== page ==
Preprints
https://doi.org/10.5194/cpd-11-5401-2015
https://doi.org/10.5194/cpd-11-5401-2015

  17 Nov 2015

17 Nov 2015

Review status: this preprint was under review for the journal CP but the revision was not accepted.

Impact of Holocene climate variability on lacustrine records and human settlements in South Greenland

T. Guillemot1, V. Bichet1, A. Simonneau2, D. Rius1, C. Massa1, E. Gauthier1, H. Richard1, and M. Magny1 T. Guillemot et al.
  • 1Université de Bourgogne/Franche-Comté, Laboratoire Chrono-environnement, CNRS UMR 6249, 16 route de Gray 25030 Besançon, France
  • 2Université d'Orléans, ISTO, CNRS UMR 7327, 1A rue de la Férollerie 45071 Orléans, France

Abstract. Due to its sensitivity to climate changes, south Greenland is a particularly suitable area to study past global climate changes and their influence on locale Human settlements. A paleohydrological investigation was therefore carried out on two river-fed lakes: Lake Qallimiut and Little Kangerluluup, both located close to the Labrador Sea in the historic farming center of Greenland. Two sediment cores (QAL-2011 and LKG-2011), spanning the last four millennia, were retrieved and showed similar thin laminae, described by high magnetic susceptibility and density, high titanium and TOC / TN atomic ratio, and coarse grain size. They are also characterized either by inverse grading followed by normal grading or by normal grading only and a prevalence of red amorphous particles and lignocellulosic fragments, typical of flood deposits.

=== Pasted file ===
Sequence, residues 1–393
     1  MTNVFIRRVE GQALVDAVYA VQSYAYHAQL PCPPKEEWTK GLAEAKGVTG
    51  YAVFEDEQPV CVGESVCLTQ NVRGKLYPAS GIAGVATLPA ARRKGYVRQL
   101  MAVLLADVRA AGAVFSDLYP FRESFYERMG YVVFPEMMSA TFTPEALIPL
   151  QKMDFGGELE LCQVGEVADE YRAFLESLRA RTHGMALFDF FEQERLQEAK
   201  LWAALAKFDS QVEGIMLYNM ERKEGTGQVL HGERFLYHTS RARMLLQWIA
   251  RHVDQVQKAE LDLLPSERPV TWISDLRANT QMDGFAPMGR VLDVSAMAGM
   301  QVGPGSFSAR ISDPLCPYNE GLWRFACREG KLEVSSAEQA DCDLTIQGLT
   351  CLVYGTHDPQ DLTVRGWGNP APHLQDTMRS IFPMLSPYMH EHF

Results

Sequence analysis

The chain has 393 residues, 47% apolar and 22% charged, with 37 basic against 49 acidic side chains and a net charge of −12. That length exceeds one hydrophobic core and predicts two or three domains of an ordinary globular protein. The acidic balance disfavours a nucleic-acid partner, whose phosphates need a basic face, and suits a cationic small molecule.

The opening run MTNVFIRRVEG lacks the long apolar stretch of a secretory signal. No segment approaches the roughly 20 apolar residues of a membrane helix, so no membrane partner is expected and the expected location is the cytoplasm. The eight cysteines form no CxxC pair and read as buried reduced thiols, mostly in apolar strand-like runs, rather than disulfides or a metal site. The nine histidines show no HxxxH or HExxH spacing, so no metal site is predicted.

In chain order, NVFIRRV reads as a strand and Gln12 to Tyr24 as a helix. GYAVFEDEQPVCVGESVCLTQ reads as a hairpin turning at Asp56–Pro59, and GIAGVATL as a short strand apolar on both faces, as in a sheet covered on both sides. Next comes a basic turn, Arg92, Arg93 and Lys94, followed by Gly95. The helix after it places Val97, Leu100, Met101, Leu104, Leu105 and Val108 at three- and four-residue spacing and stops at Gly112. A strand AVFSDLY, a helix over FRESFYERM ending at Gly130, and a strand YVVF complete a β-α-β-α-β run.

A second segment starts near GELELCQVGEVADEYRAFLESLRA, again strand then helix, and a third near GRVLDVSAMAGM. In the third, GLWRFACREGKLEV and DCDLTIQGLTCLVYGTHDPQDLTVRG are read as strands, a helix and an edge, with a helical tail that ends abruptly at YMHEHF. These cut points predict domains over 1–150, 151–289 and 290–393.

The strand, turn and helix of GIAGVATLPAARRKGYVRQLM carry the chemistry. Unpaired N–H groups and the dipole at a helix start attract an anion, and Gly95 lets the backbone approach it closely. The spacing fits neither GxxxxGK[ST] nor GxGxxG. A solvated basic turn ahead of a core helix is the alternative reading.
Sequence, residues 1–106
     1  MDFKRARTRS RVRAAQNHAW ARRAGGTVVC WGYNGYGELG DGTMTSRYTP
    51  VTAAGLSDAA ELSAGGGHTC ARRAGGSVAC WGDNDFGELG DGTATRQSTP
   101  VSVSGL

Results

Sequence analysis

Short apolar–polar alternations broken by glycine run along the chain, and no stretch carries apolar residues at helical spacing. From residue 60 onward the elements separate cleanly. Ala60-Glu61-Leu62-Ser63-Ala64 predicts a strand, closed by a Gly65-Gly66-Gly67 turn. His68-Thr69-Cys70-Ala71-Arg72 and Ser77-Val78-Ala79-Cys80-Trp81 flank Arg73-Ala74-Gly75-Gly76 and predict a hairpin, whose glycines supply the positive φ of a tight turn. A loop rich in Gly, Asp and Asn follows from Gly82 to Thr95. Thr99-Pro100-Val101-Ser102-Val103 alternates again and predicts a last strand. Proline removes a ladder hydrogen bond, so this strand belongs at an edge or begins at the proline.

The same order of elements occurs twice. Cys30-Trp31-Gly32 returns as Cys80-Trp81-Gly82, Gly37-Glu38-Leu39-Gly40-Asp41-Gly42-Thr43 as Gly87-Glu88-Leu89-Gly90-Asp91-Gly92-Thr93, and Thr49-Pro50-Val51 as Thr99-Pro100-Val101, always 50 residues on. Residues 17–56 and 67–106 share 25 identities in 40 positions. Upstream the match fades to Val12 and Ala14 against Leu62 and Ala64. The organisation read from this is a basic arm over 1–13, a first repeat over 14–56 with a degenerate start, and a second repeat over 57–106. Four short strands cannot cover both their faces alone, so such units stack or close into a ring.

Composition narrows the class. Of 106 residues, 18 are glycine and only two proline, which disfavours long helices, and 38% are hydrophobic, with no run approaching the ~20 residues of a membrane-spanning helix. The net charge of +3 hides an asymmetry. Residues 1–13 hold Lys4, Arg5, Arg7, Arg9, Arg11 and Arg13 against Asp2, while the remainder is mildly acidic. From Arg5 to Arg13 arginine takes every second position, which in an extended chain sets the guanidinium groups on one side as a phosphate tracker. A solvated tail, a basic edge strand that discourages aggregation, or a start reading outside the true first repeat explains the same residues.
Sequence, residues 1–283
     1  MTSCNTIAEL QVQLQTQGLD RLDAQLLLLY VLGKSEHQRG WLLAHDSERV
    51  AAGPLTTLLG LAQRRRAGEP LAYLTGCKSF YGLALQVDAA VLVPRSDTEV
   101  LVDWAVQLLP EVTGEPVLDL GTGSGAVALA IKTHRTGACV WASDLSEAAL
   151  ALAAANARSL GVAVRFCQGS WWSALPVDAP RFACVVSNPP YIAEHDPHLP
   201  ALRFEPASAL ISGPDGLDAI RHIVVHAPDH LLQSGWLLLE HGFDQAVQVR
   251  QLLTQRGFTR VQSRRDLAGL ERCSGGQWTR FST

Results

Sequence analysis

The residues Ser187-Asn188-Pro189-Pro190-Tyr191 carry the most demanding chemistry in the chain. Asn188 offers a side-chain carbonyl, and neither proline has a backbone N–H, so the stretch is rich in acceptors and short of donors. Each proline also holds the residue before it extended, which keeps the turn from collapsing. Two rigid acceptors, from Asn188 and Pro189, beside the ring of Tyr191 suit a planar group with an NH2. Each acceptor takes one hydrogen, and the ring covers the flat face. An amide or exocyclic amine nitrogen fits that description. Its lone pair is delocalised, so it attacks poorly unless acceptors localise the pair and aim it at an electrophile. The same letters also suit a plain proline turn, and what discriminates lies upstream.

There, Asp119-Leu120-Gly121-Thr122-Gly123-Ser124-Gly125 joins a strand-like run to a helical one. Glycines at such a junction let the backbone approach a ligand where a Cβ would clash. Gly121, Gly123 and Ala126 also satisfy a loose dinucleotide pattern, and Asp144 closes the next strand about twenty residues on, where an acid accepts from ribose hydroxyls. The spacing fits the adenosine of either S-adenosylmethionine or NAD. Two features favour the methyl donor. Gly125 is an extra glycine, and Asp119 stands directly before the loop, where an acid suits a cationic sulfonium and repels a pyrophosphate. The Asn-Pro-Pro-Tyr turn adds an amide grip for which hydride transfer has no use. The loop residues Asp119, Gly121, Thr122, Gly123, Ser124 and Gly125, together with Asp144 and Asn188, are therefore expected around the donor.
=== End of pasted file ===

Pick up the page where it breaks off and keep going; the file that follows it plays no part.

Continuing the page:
Flood events showed similar trend in both records: they mainly occurred during cooler and wetter periods characterized by weaker Greenlandic paleo-temperatures, substantial glacier advances, and a high precipitation on the Greenlandic Ice Sheet and North Atlantic ice-rafting events. They can therefore be interpreted as a result of ice and snow-melting episodes. They occurred especially during rapid climate changes (RCC) such as the Middle to Late Holocene transition around 2250 BC, the Sub-boreal/Sub-atlantic transition around 700 BC and the Little Ice Age (LIA) between AD 1300 and AD 1900, separated by cycles of 1500 years and driven by solar forcing. These global RCC revealed by QAL-2011 and LKG-2011 flood events may have influenced Human settlements in south Greenland, especially the paleo-Eskimo cultures and the Norse settlement, and have been mainly responsible for their demise.

T. Guillemot et al.

 
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Status: closed
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T. Guillemot et al.

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Short summary
To reconstruct past climate changes and their influence on Human settlements, we have study lacustrine sediments retrieved from two Greenlandic lakes (Lake Qallimiut and Little Kangerluluup), recording at high resolution past environmental changes. 37 flood events are identified in these cores, resulting of ice and snow-melting episodes. They are mainly occurred during cooler and wetter periods and and have been mainly responsible for the Human demise.